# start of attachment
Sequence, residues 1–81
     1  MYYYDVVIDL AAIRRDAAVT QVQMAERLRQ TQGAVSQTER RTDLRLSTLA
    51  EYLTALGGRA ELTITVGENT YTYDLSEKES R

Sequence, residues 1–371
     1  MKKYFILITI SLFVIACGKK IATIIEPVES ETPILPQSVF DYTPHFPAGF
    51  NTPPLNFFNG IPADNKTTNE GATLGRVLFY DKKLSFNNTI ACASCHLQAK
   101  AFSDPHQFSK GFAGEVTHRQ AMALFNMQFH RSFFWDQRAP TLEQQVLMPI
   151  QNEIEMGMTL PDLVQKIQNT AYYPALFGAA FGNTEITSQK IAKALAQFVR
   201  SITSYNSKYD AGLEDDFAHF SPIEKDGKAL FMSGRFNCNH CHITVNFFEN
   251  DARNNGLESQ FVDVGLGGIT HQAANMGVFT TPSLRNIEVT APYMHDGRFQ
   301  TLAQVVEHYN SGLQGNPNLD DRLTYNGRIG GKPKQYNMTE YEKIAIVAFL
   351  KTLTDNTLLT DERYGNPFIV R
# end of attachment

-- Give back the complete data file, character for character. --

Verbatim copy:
Sequence, residues 1–81
     1  MYYYDVVIDL AAIRRDAAVT QVQMAERLRQ TQGAVSQTER RTDLRLSTLA
    51  EYLTALGGRA ELTITVGENT YTYDLSEKES R

Sequence, residues 1–371
     1  MKKYFILITI SLFVIACGKK IATIIEPVES ETPILPQSVF DYTPHFPAGF
    51  NTPPLNFFNG IPADNKTTNE GATLGRVLFY DKKLSFNNTI ACASCHLQAK
   101  AFSDPHQFSK GFAGEVTHRQ AMALFNMQFH RSFFWDQRAP TLEQQVLMPI
   151  QNEIEMGMTL PDLVQKIQNT AYYPALFGAA FGNTEITSQK IAKALAQFVR
   201  SITSYNSKYD AGLEDDFAHF SPIEKDGKAL FMSGRFNCNH CHITVNFFEN
   251  DARNNGLESQ FVDVGLGGIT HQAANMGVFT TPSLRNIEVT APYMHDGRFQ
   301  TLAQVVEHYN SGLQGNPNLD DRLTYNGRIG GKPKQYNMTE YEKIAIVAFL
   351  KTLTDNTLLT DERYGNPFIV R